“Caution for some, sure. But we also see bigger retail assets picked up by domestic investors,” Ludwig says, pointing to German family office Greve’s purchase of a Hamburg shopping centre from Generali in July.
Hands on approach
Family offices sometimes act like larger scale institutions by putting special purpose vehicles in place, or appointing wealth managers.
However, on the ground, the story is somewhat different, Ludwig explains, with private capital often capable of handling the day-to-day management of single retail assets.
“While we do see some retail real estate being handled by third party asset managers, properties such as high street retail are often simply managed in house, with a day-to-day janitor or caretaker in place,” she says.
With offices, which are often located on floors above, going through significant disruption due to hybrid work patterns, Ludwig says there are opportunities in some less prime locations for private investors to look at conversion into apartments, depending on costs of capex and rents.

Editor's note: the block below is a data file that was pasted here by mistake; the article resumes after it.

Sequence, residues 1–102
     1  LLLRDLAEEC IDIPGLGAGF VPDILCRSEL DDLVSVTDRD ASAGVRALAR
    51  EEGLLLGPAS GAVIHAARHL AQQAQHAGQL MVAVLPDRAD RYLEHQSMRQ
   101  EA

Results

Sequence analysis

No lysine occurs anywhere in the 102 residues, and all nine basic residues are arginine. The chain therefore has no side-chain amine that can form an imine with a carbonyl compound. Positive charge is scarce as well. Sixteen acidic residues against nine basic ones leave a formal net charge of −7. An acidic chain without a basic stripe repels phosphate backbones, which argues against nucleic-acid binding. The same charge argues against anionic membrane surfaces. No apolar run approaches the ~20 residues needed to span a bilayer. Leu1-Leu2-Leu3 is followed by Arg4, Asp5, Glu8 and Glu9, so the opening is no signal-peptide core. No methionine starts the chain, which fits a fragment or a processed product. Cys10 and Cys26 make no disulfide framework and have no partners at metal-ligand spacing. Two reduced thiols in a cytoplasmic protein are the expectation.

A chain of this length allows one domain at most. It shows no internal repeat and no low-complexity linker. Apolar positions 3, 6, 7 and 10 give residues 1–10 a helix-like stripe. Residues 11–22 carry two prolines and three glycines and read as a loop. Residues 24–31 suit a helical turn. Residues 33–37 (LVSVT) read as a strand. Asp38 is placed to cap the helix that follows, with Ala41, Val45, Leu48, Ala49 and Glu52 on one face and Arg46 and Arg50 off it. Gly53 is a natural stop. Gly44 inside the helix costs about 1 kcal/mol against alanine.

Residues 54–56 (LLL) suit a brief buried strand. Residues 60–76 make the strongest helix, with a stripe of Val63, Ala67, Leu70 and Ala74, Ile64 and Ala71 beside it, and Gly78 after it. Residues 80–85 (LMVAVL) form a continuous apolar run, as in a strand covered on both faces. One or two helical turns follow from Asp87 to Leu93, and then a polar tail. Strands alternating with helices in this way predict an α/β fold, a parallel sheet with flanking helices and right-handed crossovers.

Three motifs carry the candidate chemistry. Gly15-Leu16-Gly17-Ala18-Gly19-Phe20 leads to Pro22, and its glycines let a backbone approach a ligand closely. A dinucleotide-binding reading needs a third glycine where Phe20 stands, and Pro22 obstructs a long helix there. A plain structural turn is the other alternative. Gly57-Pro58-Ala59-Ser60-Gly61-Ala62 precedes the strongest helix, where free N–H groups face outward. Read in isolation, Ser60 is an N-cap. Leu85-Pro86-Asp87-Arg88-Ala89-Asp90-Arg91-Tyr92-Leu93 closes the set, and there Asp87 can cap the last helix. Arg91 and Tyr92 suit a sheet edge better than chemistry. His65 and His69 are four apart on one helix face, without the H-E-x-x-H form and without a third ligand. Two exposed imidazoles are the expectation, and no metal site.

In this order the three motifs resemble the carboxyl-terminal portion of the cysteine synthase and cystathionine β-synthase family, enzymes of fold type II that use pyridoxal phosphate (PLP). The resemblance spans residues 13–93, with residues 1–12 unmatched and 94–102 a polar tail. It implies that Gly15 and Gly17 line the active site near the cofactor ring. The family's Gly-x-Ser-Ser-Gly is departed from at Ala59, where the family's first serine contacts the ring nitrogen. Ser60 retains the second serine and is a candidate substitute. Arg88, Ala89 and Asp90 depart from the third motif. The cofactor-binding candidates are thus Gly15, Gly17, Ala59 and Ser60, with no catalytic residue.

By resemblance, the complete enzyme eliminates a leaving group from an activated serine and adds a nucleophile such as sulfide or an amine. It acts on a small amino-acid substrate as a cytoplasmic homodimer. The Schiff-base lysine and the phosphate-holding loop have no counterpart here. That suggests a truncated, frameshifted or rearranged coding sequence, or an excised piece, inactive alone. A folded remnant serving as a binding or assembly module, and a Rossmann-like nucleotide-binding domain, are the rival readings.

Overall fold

“It’s something we are yet to see but I wouldn’t doubt private capital’s ability to take on redevelopment and conversion in such scenarios,” says Ludwig. “Development expertise is there and could be put into action with ideas for new, more mixed-use concepts.”
More broadly, how big a role private capital plays in retail real estate over the coming months remains to be seen.